Illicit stills sprung up in the crofts and glens, cut into hillsides and covered with heather thatch.

The sale of the illegal spirit generated a much-needed source of income to the rural population, as well as satisfying the thirst there was for whisky from Glenlivet. It had earned a reputation of being of superior quality, known for its sweet and gentle taste. The contraband was even reputedly favoured by royalty, with whisky from Glenlivet said to be requested by name by King George IV on a state visit to Scotland in 1822.

By the time that whisky smuggling had reached its peak in the second half of the 18th Century and into the 19th Century there were many secret methods used to evade capture and suspicion, and to keep the water of life flowing out of Glenlivet.

The people became adept at outsmarting Government soldiers and excise officers, employing simple signalling codes to alert distillers of any potential foes entering the glen. Women would hang out washing on the line as a warning to the whisky makers that excise officers were approaching.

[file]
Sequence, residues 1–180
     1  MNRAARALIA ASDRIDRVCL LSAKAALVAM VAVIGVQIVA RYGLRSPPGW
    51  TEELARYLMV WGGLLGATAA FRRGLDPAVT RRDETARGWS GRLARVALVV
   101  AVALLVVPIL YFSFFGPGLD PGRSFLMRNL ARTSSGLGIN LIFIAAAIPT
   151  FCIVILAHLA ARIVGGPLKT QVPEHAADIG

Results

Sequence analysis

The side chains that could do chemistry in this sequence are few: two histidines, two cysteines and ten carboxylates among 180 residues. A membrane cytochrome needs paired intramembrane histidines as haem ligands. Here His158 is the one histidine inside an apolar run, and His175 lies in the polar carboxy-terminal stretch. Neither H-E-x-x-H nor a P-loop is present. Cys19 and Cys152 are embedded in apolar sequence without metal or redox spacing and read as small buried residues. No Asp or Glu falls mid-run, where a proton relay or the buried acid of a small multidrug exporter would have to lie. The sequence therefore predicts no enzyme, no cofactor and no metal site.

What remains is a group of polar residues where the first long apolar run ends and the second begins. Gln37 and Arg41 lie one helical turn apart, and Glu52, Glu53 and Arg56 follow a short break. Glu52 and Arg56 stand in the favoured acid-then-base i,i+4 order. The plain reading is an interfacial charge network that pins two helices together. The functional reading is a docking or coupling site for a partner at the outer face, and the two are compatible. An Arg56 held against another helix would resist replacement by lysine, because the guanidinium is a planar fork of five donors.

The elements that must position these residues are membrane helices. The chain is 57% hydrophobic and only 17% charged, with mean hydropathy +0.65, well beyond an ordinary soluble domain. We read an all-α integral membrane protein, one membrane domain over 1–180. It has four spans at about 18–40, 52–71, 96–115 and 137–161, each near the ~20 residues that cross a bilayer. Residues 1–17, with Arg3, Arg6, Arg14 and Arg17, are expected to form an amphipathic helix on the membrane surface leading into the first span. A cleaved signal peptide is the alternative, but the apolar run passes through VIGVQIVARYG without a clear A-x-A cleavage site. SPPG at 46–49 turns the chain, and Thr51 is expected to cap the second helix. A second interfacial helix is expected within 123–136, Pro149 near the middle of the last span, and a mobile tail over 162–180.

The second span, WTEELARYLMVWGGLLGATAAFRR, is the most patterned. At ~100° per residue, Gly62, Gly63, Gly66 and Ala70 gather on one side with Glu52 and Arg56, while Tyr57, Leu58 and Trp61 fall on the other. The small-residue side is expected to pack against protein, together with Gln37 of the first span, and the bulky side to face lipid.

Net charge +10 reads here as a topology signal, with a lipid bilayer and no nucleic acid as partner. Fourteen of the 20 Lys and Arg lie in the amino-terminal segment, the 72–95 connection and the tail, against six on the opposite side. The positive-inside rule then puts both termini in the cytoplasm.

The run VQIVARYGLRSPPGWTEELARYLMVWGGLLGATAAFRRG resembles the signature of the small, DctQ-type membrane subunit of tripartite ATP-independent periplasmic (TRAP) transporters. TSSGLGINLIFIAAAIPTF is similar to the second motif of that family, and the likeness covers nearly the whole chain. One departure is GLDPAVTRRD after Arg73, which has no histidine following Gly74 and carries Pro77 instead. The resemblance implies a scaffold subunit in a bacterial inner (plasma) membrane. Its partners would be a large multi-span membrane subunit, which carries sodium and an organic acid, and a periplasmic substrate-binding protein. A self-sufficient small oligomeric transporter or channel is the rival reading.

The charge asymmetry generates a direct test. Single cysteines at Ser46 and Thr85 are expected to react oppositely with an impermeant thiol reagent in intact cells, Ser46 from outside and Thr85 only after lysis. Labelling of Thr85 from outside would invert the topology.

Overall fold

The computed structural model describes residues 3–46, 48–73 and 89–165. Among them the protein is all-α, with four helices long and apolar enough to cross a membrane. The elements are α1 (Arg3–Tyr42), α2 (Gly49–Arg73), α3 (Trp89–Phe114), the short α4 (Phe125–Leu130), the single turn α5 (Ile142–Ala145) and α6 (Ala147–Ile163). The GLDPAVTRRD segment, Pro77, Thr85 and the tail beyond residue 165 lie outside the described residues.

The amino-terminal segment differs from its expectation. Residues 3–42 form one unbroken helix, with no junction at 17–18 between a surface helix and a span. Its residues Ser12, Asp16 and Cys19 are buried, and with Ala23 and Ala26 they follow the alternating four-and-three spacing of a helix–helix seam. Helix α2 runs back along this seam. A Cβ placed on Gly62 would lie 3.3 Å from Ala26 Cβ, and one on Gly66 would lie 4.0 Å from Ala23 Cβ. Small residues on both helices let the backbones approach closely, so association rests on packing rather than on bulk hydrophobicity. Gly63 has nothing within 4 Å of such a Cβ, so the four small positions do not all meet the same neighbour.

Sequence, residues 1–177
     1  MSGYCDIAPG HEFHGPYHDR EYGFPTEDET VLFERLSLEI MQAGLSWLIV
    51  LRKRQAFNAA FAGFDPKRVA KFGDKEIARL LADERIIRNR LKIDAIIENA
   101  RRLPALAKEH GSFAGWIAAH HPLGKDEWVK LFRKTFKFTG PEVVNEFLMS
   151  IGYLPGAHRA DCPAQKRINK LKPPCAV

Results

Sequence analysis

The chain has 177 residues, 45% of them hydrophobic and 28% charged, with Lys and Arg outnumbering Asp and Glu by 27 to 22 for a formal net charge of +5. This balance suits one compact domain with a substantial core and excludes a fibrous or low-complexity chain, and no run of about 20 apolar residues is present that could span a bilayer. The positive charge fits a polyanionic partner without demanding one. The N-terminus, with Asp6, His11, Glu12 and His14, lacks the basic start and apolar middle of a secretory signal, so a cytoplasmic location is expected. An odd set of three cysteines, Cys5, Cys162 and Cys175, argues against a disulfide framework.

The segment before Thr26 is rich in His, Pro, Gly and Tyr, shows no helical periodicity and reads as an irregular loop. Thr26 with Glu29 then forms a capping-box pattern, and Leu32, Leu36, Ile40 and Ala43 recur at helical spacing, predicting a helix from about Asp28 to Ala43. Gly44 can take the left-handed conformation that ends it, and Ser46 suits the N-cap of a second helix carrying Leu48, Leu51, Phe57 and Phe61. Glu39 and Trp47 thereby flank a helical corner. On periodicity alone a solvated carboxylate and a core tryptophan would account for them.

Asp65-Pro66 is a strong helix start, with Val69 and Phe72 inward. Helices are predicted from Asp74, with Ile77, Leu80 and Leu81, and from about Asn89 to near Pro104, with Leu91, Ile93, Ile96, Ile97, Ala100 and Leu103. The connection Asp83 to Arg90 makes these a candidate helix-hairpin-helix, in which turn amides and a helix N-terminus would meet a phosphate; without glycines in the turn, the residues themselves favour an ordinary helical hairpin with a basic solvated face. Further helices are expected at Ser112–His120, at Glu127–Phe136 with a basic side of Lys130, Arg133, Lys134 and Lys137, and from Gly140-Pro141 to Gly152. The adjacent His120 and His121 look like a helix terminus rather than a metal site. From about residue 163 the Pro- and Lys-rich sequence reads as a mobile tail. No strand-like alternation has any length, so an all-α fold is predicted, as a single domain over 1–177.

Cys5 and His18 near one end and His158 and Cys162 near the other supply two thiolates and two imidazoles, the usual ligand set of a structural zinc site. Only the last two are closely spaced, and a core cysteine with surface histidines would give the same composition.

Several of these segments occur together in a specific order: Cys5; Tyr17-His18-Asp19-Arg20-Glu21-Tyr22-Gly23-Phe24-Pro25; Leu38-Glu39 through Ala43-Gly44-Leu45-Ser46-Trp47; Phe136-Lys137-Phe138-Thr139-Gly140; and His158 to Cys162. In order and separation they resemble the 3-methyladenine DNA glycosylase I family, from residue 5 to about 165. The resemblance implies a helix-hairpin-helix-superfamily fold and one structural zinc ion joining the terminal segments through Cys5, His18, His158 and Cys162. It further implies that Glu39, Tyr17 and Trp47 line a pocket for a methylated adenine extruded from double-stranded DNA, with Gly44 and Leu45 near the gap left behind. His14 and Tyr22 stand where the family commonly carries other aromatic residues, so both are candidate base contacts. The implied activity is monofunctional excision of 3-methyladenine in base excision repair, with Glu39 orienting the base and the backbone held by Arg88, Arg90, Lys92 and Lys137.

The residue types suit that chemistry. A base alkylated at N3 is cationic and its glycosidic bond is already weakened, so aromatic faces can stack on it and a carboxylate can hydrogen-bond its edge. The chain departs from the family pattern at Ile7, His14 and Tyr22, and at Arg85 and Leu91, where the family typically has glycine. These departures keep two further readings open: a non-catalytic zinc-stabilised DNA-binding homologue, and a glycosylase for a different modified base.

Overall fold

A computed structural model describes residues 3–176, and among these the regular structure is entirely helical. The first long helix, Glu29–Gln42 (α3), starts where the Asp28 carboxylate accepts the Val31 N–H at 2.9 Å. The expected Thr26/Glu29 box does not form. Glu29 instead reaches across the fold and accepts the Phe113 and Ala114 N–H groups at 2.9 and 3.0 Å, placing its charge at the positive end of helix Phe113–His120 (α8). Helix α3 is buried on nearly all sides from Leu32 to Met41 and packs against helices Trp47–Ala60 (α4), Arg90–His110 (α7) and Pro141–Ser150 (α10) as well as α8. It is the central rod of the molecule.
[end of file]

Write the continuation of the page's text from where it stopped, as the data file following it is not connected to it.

Smugglers found that burning juniper bushes gave a clean, smokeless flame so there were no smoke trails that would have given their game away to vigilant excisemen.

Cunning whisky makers used measures introduced to try and stamp out their trade to their advantage. Authorities hit on the idea of offering a monetary reward to anyone who denounced the existence of an illicit still by handing over the copper coil, an essential part of whisky making equipment. The smugglers used this as an opportunity to help them replace worn out equipment by handing it over government soldiers claiming they had found it. The reward that was paid was then used to purchase its replacement.

Women wore belly pans in which the spirit was hidden, their inflated stomachs passed off as pregnancy.

There are also stories of church ministers complying with the code of the area, with whisky said to have been hidden in church crypts and vaults and smuggled out in coffins.

Whisky made its way out of the glen concealed in sacks of grain or other goods on the backs of pack ponies, who were guided along secret paths and trails that were often impassable because of snow or flood.

The trade had its fair share of characters, and visitors to Glenlivet can follow in the footsteps of three well-known figures from the smuggling past during the whisky festival.